Again the sweet and bitter combo from the condensed milk (tempered by the standard milk) and strong black coffee made for a nice contrast and a very refreshing drink. Great if we have a repeat of last year’s summer and with the current rather nice Bank Holiday weather.
On a “sit in” visit, after they had fully opened, I went for a traditional drip coffee (£2.25).
I have recollections of these contraptions (we have one in the house) from Nha Trang market in Central Vietnam where I bought one (apparently) at a vastly inflated price (it cost peanuts regardless).
The word clearly got around that there was a sucker in town and Mrs. SF and I were then besieged by market vendors trying to flog the “idiot Westerners” their wares. I feigned stupidity (I have the look and actions of an idiot surprisingly off pat 🙄) and we managed to escape with my dong pretty much intact.
You have to be a bit patient with these as it takes a while to drip through, but when it does it is proper “wake me up” coffee with a rich deep flavour.
You can have it black or with condensed milk. I like both, but think it is at its purest when it is full on (“Heart of Darkest” – had to jemmy an “Apocalypse Now” reference in here somehow) black. In that form it is a supercharged, espresso sized, coffee.
The question that immediately came to my mind on seeing the food menu was “Isn’t it banh mi?” (Know a thing or two about typos me – close to World champ at them 😁), but apparently either “mi” or “my” can be used – the latter more so in the North of Vietnam (a quick check of Wikipedia confirmed this as correct, as much as Wikipedia ever can be and that is consistent with the Hanoi in their name).
Classic banh my/mi stuff on there, with the seemingly odd fusion of rustic French (pâte in baguette) and Vietnamese (liberal use of fragrant herbs, spices, pickled veg and soy sauce). Have to say if you don’t like pork liver pâte much there are slim pickings for you in this place eating wise.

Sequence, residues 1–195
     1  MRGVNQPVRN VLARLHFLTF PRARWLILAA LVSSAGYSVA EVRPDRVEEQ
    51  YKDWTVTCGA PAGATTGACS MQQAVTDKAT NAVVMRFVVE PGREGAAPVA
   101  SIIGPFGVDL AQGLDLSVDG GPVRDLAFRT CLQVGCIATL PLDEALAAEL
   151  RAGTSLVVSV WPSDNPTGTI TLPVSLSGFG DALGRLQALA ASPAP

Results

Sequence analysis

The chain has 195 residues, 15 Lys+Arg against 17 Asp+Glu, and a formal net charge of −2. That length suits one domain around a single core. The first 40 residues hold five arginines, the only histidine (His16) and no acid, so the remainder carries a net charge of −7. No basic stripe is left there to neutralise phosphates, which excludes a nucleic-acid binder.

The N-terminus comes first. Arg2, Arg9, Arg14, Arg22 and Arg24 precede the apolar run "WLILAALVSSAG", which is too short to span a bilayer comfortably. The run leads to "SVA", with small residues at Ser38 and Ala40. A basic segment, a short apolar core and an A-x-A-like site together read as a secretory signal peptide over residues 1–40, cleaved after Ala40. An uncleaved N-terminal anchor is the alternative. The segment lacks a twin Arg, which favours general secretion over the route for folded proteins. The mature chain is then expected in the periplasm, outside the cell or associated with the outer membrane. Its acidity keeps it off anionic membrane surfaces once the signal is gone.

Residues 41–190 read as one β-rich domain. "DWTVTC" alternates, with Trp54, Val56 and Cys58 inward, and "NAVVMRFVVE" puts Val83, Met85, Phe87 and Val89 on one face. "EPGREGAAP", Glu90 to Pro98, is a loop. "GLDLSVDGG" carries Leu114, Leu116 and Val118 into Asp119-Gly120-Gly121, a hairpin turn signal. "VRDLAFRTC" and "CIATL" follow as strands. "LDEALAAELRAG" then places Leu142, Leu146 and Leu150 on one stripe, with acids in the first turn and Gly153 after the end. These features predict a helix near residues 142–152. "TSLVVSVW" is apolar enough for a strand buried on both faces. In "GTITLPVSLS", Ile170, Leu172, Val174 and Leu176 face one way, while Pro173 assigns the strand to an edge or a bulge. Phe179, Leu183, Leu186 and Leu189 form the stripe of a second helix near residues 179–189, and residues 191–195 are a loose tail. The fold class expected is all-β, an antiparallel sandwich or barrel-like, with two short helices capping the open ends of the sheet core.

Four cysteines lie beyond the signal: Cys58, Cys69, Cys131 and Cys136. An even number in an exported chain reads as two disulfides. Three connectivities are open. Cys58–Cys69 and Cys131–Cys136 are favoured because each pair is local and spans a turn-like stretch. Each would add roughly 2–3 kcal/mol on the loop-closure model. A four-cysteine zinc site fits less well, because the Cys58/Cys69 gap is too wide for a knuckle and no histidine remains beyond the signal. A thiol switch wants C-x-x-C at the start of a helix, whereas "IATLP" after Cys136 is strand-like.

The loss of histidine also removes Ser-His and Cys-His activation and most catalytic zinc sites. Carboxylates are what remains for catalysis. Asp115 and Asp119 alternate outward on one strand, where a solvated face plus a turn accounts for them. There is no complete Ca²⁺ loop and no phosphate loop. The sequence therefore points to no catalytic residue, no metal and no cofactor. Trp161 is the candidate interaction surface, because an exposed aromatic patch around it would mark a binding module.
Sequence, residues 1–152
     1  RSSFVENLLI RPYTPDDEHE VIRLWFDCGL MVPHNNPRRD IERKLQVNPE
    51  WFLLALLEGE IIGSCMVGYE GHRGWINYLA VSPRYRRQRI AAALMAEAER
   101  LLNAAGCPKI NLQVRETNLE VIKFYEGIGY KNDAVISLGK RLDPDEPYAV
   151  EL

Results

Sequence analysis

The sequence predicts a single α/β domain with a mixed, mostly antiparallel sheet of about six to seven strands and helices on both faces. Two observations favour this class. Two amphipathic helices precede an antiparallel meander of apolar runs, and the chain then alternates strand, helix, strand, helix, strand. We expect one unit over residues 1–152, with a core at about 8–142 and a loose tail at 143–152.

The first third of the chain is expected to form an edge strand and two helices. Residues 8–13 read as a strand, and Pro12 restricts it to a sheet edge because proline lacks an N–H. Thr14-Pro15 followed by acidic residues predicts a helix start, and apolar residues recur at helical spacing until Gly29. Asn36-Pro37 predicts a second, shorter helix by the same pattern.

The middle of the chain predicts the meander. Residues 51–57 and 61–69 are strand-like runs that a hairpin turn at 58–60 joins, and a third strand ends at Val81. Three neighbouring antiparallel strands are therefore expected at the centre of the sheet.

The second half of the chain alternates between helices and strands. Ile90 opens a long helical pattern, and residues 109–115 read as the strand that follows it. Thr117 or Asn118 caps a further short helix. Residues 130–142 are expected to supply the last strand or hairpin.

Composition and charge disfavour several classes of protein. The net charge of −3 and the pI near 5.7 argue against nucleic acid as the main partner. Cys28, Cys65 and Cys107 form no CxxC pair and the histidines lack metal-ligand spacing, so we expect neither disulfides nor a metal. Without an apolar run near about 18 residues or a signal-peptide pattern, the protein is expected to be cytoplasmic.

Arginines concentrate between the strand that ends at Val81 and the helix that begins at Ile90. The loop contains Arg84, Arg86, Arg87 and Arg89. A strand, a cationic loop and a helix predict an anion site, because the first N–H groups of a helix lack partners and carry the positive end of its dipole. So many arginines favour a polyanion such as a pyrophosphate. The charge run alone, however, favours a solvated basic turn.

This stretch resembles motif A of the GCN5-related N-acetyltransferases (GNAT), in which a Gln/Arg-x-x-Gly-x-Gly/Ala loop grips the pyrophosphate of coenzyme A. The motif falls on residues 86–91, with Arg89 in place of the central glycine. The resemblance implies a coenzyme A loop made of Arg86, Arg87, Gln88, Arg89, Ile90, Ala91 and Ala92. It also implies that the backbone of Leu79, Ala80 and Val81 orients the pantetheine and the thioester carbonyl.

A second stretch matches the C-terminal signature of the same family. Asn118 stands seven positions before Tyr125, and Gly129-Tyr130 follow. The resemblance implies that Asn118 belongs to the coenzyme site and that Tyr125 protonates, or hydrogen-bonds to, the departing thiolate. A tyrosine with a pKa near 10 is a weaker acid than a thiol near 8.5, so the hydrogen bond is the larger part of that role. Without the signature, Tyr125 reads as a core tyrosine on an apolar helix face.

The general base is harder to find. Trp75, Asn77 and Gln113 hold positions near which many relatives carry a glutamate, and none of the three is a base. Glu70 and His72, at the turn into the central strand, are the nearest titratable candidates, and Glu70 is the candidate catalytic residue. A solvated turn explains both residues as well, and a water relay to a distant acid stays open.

Think they missed a trick by not naming the “Morning Classic ” banh mi/my the “Morning Glory”, what with the “dong” currency and all. Actually it makes perfect sense, as morning glory is an edible plant extensively used in Vietnamese cooking, so go wash your mind out with soap and water!
Lucky I am rather partial to any pâte and went for the Hanoi 1991 Special (£5.45), which alluded to pork three ways (pork liver pâte, pork roll and pork cake).
To this seeming “panoply of pork’ was added pickled vegetables, herbs and a chilli sauce (sweet or hot at your option).
Nice flavour to this with the pâte and Asian herbs and spices working rather well together (bit more would have been nice). My choice of hot chilli sauce added a nice bit of heat to the equation.
My main qualm was the meat filling element seemed a little sparse. Very nice, but for the price (a not cheap £5.45) I thought it could have been, perhaps, a bit more loaded filling wise.
I have enjoyed all three styles of coffee I have had at Hanoi 1991, especially (to my surprise) the egg coffee. I am rather taken with it and it makes for a nice change from the norm. I suspect fans of the pumpkin latte (never had one) would love it.
In terms of the banh mi/my offering, I liked the flavours on display. I do, however, think they could load up a touch more on the fillings bearing in mind prices start at £4.45 and go up to £5.45.
Would I go back? Yes, it is an interesting and tasty addition to the Cardiff food and drink scene. Something a bit different and that is always welcome in my view.
Whilst common in Vietnam, they may want to think about their use of plastic cups and straws, as well as cellophane lids, in terms of takeaway drinks. Perhaps they are recyclable ones, but I somehow doubt it. I am not au fait with what are and aren’t if am honest (as I think this was the first take away rather than “sit in” coffee I have had in the last 3 plus year).
I suspect one of their key target markets is a demographic that is quite eco – aware and to whom a plastic straw (if my niece is anything to go by – I sometime wonder if we will be wiped out by a virulent bamboo straw borne disease a la the Golgafrinchans in the Hitchhikers Guide to the Galaxy, don’t forget to clean yours Hannah) goes down about as well as an unwashed kopi luwak bean.
Address: 28 -30 Royal Arcade, Cardiff, CF10 1AE
Tel: 02920 229441
Website: Click here
Twitter: Don’t seem to be on it.
Opening hours: Mon – Sat: 09.00 – 18.30 and Sun: 10.30 – 17.00.